The Cell in Development and Inheritance

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ORIGINALLY produced as the substance of a series of lectures of a popular character upon the problems of individual development and inheritance, the book; which Prof. Wilson has given us has taken a form which, while it can hardly longer be described as “popular,” will be admitted by the more strictly scientific audience, to which it is now better adapted, to be in the highest degree fascinating. The advances which cellular biology has made, and is making at the present moment, can only be described as “leaps and bounds,” and to no part of the study of the cell will this apply with greater force than to that dealing with cell-propagation. A question which seemed to our fathers, and for the matter of that to some of ourselves not so very many years ago, as of the simplest nature and capable of being described in half a dozen lines, can no longer be adequately dealt with except in a volume devoted exclusively to it, and by men who make its study the business of their lives. And although works in other languages upon the subject, such as those of O. Hertwig and Henneguy, are available for the student, it is none the less a matter for congratulation that Prof. Wilson has given us in our own speech a work which is second to none in the clear and comprehensive manner in which the facts of cell-structure and division are set forth, and the masterly way in which the principal theories which have been founded upon these facts are stated and criticised. Not the least striking feature of the book is the lavish way in which it is illustrated—a prime necessity in a work of this kind if it is to be easily read and understood. At the same time it is clear that the illustrations are carefully selected in each case with the object of presenting either a special fact or idea. And although, as might be expected from his position as a zoologist, Prof. Wilson has for the most part relied upon material furnished by the animal kingdom in illustration of his subject, he has not hesitated when occasion has offered to draw upon the important series of observations which have accumulated of late years in vegetable cytology.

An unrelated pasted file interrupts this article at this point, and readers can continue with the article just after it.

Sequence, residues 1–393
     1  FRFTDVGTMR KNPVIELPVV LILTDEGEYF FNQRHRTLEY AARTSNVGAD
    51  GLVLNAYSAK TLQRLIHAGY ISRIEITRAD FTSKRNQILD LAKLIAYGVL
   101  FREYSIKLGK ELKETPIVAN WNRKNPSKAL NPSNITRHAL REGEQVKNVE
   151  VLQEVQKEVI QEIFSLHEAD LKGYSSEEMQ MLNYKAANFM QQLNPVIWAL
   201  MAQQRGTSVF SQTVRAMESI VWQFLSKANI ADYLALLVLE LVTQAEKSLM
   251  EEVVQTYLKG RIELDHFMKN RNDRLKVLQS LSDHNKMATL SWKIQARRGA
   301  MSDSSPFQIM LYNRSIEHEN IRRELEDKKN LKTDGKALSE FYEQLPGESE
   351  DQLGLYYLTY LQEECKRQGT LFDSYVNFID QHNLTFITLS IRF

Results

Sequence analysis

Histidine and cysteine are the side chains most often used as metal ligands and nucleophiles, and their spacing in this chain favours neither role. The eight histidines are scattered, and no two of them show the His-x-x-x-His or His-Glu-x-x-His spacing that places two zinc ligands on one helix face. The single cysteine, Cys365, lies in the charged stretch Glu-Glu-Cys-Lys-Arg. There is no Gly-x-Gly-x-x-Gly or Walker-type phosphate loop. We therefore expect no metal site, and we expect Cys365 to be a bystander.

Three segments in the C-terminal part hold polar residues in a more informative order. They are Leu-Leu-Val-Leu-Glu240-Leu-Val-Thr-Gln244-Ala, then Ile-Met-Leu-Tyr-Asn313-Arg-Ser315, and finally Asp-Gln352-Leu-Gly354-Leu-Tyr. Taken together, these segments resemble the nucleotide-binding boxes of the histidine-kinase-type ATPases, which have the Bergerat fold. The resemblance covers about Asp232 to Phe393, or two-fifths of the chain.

The Cell in Development and Inheritance.

By Edmund B. Wilson, Professor of Invertebrate Zoology, Columbia University. (Columbia University Biological Series IV.) Pp. xvi. 371. (New York: The Macmillan Company. London: Macmillan and Co., Ltd., 1896.)

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